The apple with the deafening crunch

By: Stewart White - Whiteworks

Kanzi it is the new kid on the block - Kanzi apples - a natural cross between Gala and Braeburn.

But in the Australian agbusiness world, there is a story behind the crunch - and crunchy they are. Kanzis can be deafeningly crunchy and embarrassingly juicy. I was told to shut up when eating a Kanzi during a teleconference - and had a puddle of juice pool around my elbow at the end of the call.

There is more to it than a new variety of apple that has enormous taste appeal, and it is a story that is playing out all across the country in the apple growing regions of every state (grown in the Granite Belt in Qld)

What Kanzi has is something of the shape-of-things-to-come in agribusiness. It is a model that is the first of its kind in the apple industry to ensure its continued and consistent quality to consumers while ensuring value and return to farmers.

Australian farmers are doing it tough and there is no real relief in sight - they have to think outside the traditional square. As a licensed apple grown only by selected orchardists, Kanzi can sustain quality and pricing - something that other "commodity" apples that are available through cold storage etc all year round can't do. Did you ever consider when the apple you ate in December was harvested?

Grower groups in agribusiness have more control over their destiny in what is a cutthroat and volatile market. In this case the group can limit how many Kanzis are grown by setting tree numbers and ensuring strict quality and packing parameters. This builds and maintains value and ensures optimum quality to consumers. It ensures the market is not flooded and held in storage past their peak condition. Ultimately it ensures a better return to the growers to help offset offset the losses accrued through other commodity apples.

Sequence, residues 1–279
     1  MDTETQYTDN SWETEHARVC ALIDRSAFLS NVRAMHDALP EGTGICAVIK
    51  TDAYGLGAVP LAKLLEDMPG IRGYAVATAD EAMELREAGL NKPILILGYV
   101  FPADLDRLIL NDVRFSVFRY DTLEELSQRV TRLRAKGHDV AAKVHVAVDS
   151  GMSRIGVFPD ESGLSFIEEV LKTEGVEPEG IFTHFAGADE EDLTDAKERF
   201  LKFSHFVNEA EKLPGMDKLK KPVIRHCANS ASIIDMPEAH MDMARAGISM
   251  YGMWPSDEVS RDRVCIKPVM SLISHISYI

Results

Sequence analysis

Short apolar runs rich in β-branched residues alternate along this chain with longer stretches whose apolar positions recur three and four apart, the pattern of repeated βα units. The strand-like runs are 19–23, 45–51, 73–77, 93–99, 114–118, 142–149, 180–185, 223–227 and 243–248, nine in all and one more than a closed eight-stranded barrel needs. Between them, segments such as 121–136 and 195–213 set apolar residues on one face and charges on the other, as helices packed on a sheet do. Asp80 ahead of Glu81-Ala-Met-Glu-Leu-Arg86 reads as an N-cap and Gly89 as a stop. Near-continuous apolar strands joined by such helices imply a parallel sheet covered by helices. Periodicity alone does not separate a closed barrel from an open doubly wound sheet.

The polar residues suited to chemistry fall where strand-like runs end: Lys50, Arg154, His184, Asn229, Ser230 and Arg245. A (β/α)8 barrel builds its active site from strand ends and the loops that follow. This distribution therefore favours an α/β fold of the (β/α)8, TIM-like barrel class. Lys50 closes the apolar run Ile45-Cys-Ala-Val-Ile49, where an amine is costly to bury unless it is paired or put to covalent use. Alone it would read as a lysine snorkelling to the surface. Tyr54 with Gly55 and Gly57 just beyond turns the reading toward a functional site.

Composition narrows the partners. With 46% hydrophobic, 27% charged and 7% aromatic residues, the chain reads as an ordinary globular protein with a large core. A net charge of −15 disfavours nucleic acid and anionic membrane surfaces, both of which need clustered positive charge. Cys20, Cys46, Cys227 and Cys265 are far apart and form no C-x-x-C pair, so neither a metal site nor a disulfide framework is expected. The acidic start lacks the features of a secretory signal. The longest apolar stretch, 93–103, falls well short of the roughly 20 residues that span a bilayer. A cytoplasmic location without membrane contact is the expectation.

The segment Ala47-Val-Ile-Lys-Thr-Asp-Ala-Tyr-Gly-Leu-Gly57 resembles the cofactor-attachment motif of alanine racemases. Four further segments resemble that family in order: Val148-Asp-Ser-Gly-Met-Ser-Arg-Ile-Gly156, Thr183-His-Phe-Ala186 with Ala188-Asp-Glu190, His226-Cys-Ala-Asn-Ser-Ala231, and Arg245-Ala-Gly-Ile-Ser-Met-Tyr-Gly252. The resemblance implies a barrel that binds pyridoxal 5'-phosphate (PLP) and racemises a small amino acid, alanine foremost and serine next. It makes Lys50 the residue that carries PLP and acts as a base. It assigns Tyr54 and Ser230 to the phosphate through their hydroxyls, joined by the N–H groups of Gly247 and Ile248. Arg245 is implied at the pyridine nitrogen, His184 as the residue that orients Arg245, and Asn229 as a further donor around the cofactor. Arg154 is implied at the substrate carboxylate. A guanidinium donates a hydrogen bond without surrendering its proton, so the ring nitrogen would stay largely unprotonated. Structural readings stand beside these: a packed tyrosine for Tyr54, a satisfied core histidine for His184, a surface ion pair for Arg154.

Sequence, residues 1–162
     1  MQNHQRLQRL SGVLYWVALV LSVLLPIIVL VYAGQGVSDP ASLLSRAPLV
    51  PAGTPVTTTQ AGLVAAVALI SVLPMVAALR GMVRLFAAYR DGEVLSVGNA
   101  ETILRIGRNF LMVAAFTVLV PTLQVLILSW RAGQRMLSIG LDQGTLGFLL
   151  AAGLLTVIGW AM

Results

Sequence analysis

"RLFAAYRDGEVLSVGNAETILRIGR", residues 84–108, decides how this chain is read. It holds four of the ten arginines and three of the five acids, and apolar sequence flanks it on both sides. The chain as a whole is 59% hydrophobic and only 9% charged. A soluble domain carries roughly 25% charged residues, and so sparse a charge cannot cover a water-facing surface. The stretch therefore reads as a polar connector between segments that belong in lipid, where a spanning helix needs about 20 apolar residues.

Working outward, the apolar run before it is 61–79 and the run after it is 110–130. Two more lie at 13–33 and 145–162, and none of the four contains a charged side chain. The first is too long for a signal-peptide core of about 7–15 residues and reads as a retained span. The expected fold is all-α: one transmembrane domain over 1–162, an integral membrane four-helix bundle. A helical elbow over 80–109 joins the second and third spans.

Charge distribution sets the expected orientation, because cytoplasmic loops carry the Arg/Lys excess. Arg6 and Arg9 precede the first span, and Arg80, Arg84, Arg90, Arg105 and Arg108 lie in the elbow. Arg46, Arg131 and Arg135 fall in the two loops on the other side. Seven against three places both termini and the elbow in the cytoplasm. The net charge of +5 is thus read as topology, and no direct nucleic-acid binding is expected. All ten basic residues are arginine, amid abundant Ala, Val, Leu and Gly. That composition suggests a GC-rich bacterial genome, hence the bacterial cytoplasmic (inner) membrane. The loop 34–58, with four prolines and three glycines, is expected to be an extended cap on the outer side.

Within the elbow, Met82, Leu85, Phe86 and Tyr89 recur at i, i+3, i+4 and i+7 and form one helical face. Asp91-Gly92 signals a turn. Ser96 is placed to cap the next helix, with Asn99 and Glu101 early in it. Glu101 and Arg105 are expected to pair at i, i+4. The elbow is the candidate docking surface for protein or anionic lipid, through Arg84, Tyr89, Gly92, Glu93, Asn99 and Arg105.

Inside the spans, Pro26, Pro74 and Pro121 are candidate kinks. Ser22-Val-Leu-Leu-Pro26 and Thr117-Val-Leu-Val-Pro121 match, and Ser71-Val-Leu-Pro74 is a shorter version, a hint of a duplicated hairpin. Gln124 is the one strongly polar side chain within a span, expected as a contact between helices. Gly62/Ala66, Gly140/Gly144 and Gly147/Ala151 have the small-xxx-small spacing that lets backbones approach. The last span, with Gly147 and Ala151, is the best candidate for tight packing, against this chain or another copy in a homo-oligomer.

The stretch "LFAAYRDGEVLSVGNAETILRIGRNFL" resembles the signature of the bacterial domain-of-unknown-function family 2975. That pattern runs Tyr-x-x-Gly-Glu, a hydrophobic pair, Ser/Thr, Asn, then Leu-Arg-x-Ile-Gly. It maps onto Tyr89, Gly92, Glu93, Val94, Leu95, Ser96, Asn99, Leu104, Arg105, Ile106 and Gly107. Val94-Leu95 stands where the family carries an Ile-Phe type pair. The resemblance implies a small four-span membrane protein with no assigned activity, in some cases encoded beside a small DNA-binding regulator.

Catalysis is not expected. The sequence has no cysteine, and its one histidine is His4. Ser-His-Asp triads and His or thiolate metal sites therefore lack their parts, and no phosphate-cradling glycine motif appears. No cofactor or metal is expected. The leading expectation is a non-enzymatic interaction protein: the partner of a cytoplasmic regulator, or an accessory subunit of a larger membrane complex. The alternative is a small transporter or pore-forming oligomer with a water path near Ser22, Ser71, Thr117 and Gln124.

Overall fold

Each grower has their story.

While Kanzi is the world's most popular apple, it is still early days in Australia with only about 3-4 commercially large enough harvests to get fruit out to the masses, but it has everything going for it. The flavour profile, the crunch - Who wants a floury apple? - and the Kanzi system's adherence to global quality protocols to ensure consistent quality for consumers.

Kanzi currently has 629,000 trees in the ground with another 149,000 to be planted in 2019 and the final planting in 2020 - the first planting of 930 trees was in Manjimup in WA in 2007. The current national has matured sufficiently now to produce enough fruit to supply Australia. In fact 2019 looks like being its longest season.

Consumers like the Kanzi apple for its eye appeal and flavour and consistent quality. One of the significant points of difference is that when placed on the shelf, Kanzi stands out from other varieties with its natural high shine and distinctive bi-colour skin. Most importantly, when consumers buy them, the unique taste and crunch encourages repeat purchase.

If consumers like them - retailers like them, and that's what makes the world go round.

There's a lot behind the story of this Kanzi apple beyond it's taste and crunch. As the name Kanzi translates, it is a hidden treasure for both consumers and our farmers.


Mar 25 2019 10:56AM
I've not heard of this apple variety. Is it available in Tasmania?
Comment by: Anne

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